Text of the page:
Friday, March 27, 2015

The True Message of God's Not Dead

Netflix recently added God's Not Dead to its streaming service, and I was excited to see it without having to pay for it in any kind of direct way.  I'd heard it was awful and took its pro-Christianity stance way too far, so I thought it would be fun to know, kind of like a religious-themed version of The Room.

What I discovered was that the film contains a touching and universal message.  If you ignore the masturbatory fantasies of Christianity conquering all its critics, the one-dimensional characters, the not-so-subtle implication that anyone who isn't Christian or in the process of becoming Christian is a terrible person, the flimsy debates, the overstated persecution complex, the obvious intellectual shortcomings of a professor who's supposed to be "brilliant," the weird karmic schadenfreude exhibited through the torture of the non-Christian characters, the way several of the leads foist their religious views on others in inappropriate settings, the muddled excess of subplots, the baffling understanding of the word "prove," and of course the unrealistic conclusion, it's actually a wonderful story producing several caricatures of human nature that combine to illustrate an important and poignant warning to us all:  poor communication can be a terribly destructive force.

(That might be the longest sentence I've ever written in my life.)

Case Study 1:  Our Noble Hero and his Bitchy Girlfriend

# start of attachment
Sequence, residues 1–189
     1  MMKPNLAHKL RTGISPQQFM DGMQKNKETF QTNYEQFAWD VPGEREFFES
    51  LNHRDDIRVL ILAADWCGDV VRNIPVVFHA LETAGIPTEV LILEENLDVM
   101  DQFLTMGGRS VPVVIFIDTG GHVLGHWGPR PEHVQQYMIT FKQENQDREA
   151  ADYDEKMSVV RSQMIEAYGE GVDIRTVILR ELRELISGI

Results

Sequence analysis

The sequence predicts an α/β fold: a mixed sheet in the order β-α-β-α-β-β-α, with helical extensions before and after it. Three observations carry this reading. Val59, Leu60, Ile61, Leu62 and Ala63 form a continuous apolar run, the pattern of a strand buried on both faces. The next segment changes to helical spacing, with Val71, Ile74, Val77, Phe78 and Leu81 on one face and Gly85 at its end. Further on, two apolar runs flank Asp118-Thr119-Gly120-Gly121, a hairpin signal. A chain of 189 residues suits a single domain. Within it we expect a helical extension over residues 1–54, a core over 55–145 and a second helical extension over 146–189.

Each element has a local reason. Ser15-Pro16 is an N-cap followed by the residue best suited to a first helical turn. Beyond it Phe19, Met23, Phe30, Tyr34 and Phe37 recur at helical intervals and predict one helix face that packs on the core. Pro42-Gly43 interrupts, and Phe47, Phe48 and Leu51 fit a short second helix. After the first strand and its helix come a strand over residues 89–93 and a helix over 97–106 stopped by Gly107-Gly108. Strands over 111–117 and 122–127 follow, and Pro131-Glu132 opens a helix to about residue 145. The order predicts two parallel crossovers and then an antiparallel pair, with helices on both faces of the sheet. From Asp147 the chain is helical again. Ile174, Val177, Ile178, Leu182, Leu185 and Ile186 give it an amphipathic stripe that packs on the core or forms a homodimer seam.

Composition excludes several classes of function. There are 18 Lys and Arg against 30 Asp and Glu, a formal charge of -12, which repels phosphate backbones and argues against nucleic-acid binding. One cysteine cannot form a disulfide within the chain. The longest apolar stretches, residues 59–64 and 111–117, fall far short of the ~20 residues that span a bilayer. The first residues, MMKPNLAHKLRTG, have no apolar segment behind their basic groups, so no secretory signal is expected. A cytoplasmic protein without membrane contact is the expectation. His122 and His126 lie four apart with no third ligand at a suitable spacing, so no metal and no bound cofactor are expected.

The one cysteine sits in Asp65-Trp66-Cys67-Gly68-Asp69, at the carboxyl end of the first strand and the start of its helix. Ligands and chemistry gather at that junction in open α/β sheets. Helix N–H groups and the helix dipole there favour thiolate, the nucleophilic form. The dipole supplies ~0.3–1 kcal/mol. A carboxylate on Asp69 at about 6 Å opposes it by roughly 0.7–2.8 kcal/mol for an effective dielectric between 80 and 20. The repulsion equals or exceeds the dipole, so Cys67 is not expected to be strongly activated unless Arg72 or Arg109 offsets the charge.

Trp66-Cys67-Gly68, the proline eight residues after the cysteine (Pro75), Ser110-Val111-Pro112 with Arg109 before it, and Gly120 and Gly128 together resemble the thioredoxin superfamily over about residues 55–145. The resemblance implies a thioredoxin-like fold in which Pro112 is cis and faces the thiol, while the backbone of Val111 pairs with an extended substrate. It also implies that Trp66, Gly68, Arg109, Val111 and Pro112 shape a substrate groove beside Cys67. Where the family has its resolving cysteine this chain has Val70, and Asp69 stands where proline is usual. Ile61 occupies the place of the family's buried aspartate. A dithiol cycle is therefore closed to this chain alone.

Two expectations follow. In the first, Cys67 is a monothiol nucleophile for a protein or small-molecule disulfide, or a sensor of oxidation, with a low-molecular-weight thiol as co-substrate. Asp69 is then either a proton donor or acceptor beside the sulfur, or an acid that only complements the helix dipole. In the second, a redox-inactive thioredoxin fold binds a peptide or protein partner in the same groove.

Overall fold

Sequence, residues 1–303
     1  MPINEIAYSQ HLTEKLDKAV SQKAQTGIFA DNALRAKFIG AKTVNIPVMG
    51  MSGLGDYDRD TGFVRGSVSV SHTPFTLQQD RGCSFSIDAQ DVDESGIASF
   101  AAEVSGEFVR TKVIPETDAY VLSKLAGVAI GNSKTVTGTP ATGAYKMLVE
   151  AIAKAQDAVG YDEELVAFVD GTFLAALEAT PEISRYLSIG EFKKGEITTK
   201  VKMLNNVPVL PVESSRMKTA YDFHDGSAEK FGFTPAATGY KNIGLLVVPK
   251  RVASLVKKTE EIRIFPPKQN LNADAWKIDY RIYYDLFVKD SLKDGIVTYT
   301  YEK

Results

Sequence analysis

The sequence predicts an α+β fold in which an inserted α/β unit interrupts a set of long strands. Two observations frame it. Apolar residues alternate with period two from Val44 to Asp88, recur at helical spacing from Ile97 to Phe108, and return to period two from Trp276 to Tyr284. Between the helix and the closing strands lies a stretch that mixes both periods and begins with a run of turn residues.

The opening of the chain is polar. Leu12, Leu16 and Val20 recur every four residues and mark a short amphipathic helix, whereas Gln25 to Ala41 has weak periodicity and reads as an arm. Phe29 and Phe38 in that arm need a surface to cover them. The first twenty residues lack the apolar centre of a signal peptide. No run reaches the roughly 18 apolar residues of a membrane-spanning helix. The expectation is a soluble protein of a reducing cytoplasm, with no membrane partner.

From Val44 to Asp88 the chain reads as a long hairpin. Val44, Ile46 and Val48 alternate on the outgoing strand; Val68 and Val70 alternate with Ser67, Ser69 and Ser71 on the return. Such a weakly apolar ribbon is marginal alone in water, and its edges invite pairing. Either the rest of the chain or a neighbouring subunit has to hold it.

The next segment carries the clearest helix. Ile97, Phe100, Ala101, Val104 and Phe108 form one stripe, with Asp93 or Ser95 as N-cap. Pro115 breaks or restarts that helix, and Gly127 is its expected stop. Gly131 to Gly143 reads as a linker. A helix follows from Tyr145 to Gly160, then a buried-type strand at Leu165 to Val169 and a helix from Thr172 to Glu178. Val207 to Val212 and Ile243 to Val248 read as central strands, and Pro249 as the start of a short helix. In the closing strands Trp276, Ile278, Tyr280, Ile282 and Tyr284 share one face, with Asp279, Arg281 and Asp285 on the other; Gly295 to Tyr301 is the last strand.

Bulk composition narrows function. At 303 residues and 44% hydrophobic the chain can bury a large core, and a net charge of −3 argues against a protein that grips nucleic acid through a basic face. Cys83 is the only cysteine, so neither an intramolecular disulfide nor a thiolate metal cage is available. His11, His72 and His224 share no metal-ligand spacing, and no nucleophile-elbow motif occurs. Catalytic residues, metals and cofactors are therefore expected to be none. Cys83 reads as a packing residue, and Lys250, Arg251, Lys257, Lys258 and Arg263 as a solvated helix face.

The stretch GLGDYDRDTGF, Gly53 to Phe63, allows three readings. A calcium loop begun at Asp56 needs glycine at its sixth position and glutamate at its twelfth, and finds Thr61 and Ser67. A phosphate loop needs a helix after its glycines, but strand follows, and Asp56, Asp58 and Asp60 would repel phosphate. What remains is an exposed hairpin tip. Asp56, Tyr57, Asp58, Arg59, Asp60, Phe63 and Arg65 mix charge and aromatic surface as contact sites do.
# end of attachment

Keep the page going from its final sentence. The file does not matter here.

When Josh Wheaton (Our Noble Hero) refuses to sign a paper saying "God is dead" for his introductory philosophy college course, Professor Atheist Vendetta gives him the alternative of proving to the class that God actually exists.  Our Noble Hero will have the last twenty minutes of the next three lectures to accomplish this...but should he fail, he'll lose thirty percent of his grade for the semester.  His Bitchy Girlfriend of six years is all about the two of them building a successful future, and she tells Our Noble Hero not to take Professor Atheist Vendetta up on his challenge because a bad grade in the class will hurt his chances of getting into law school.  Our Noble Hero, believing that God wants him to rise to his defense, does it anyway.  And in one brief conversation, Bitchy Girlfriend dumps him.
My mother knew that a handsome, respectful, college-bound,
God-fearing guy like you would be nothing but trouble.
In expressing his shock to her, Our Noble Hero makes an important observation about their relationship:  "You didn't ask me," he insists.  "You told me.  It wasn't a decision that we made, it was a decision that you made for the both of us."  Bitchy Girlfriend hadn't brought her concerns to him or welcomed any discussion on the matter.  She'd told him what to do and left no room for compromise.  Unsurprisingly, this closed-off form of communication ultimately unravels their relationship.

Case Study 2:  The Upwardly Mobile Asshat and the Uppity Liberal Blogger
The Upwardly Mobile Asshat meets his girlfriend, Uppity Liberal Blogger, for dinner to tell her that he's just been named a partner at his firm.  Unfortunately, she has just learned that she has cancer, and Upwardly Mobile Asshat is annoyed that her somber news overshadows his promotion.  This violates some kind of deal they have for their relationship, but she doesn't seem to understand the deal to which he clung so closely.